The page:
Windows 7 : Protecting Your Data from Loss and Theft - Recovering Previous Versions of a File

10/18/2012 4:03:32 AM

Recovering Previous Versions of a File

Windows 7 Professional, Enterprise, and Ultimate editions enable you to restore a previous version of a file. This is handy if a data file has been edited and the changes are not an improvement, or if a user who intended to save a new version of a file with File, Save As accidentally clicked File, Save instead and overwrote the previous version.

There are two sources for previous versions:

  • Backup copies (created with the Windows Backup Wizard)

  • Shadow copies (created as part of a volume restore point)

If you have overwritten a file and want to retrieve a previous version, right-click the file and select Properties. Click the Previous Versions tab to see what backup or shadow copies may exist (see Figure 1).

Figure 1. Viewing the previous version of a file.

If more than one previous version exists, select the one you want to use, and choose from the following options:

  • Open— The previous version is opened by the default application for the file type. The current version is retained.

  • Copy— The previous version is copied to the destination you specify.

  • Restore— The previous version replaces the current version. After selecting this option, you must click Restore to confirm the operation.

Be CAREFUL When Dual Booting

If you use Windows XP and Windows 7 in a dual-boot configuration and Windows XP mounts drives that contain Windows 7 system restore points, Windows 7 will delete those restore points the next time Windows 7 is booted. When the restore points are deleted, any shadow copies contained there are also deleted.

If you use a dual-boot XP/Windows 7 configuration, don’t mount Windows 7 drives with Window XP. To prevent Windows 7 drives from being mounted by Windows XP, use the techniques described in KB926185, available at (Though this KB is based on Vista and Server 2008, the information still applies to Windows 7.) These methods include creating a new Registry subkey in Windows XP, which prevents XP from mounting the specified drive letter, or using BitLocker on the Ultimate or Enterprise editions of Windows 7 to prevent XP from mounting encrypted drives.

Security Policy Configuration Options

USB flash memory drives are becoming ubiquitous. I carry one around most of the time for quick and easy file transfers, and they’ve found their way onto many keychains and even a few ballpoint pens and Swiss army knife models. Although USB flash memory drives are handy for data transfer, for improving Windows performance with ReadyBoost, and as a method for providing BitLocker credentials, they are a two-edged sword: They can also be used to steal confidential data, even from systems that use BitLocker or EFS encryption. After all, these encryption methods block unauthorized users from gaining access to data, but they can’t stop the authorized user from walking off with data.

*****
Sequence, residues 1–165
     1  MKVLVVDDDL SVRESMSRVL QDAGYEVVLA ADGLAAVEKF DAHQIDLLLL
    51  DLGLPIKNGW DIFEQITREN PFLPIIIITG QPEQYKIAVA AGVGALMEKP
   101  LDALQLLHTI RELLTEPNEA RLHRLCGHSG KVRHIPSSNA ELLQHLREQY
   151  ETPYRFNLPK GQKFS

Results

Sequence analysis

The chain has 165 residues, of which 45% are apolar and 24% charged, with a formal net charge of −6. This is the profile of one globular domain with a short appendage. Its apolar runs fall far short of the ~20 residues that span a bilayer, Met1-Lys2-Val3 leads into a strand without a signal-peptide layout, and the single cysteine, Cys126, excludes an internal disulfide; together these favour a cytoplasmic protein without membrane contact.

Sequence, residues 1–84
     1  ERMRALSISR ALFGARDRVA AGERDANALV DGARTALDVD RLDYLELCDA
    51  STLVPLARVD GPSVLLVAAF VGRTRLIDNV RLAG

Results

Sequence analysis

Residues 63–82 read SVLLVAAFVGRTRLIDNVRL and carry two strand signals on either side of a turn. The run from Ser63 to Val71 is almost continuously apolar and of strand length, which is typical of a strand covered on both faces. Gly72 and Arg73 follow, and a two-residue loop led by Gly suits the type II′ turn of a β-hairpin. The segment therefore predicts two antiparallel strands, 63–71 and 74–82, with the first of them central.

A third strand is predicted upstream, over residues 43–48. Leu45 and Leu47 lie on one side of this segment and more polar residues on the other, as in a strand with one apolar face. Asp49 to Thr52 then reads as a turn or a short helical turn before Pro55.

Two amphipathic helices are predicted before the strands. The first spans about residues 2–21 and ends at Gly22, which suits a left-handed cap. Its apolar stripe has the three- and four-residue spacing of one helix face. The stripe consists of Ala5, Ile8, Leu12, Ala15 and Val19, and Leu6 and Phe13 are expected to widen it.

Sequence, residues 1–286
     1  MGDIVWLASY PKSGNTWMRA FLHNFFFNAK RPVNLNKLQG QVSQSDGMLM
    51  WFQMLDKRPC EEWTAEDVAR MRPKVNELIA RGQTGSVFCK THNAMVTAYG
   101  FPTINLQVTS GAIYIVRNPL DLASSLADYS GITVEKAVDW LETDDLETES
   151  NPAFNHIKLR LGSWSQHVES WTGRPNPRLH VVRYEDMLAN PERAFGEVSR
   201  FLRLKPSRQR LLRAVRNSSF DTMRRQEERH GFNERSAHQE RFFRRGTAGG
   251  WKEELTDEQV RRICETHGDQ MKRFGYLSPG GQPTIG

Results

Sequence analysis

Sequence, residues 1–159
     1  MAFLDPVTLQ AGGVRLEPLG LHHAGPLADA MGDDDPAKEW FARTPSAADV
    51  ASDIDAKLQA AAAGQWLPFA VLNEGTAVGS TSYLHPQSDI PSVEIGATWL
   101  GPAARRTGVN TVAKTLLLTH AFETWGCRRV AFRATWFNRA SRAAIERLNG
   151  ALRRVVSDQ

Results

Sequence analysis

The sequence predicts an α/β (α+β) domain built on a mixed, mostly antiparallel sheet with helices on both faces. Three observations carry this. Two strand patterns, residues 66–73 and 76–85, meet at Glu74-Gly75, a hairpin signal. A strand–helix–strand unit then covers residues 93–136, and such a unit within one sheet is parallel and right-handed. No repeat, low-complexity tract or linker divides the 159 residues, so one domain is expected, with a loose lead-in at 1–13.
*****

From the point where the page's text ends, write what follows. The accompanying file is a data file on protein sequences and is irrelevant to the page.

In the past, institutions have used fairly crude methods for blocking access by USB devices, even to the point of literally gluing USB ports closed. However, in an era in which parallel, serial, and PS2 devices have been relegated to the boneyard by USB devices, more intelligent management of USB device security is needed. In Windows 7, you can use various Group Policy settings, including the following, to prevent removable-media drives, including USB flash memory drives, from being used to snatch data, while still permitting legitimate uses for printing, input devices, and so forth:

  • Removable Disks Deny Write Access

  • All Removable Storage Classes Deny Write Access

You can also block installation of unapproved devices, such as USB flash memory drives, or permit only installation of approved devices. For details, see “Step-By-Step Guide to Controlling Device Installation and Usage with Group Policy,” at the Microsoft TechNet website.

Third-Party Disc-Backup Tools

Although Windows 7 breaks new ground for Microsoft in its support for both image and file/folder backups, you might still prefer to use third-party backup tools, for the following reasons:

  • Support for existing backup file types— If you want to be able to access existing backups with Windows 7, you need to use a version of your existing backup software that works with Windows 7. Consult your backup software vendor for specific recommendations.

  • Capability to extract files from an image backup without scripting— The most recent versions of leading image-backup programs such as Acronis True Image and Symantec Norton Ghost also support individual file/folder restoration from an easy-to-use GUI. Windows 7’s system image can be used for file/folder restoration only through the use of the wbadmin command-line tool.

  • Support for advanced backup options such as compression, splitting of a backup into smaller files, password protection, and others— If you want these or other advanced options, you must use a third-party backup program.

  • Support for tape backups and tape libraries— Windows 7’s backup features do not include support for tape backups and tape libraries, although many third-party backup programs support tape as well as external drives, network shares, and CD or DVD backups.

Because of the extensive changes Windows 7 makes to the structure of user file storage and how the OS works, you will probably need to upgrade existing backup programs to versions made especially for Windows 7. Contact your backup vendor for details.

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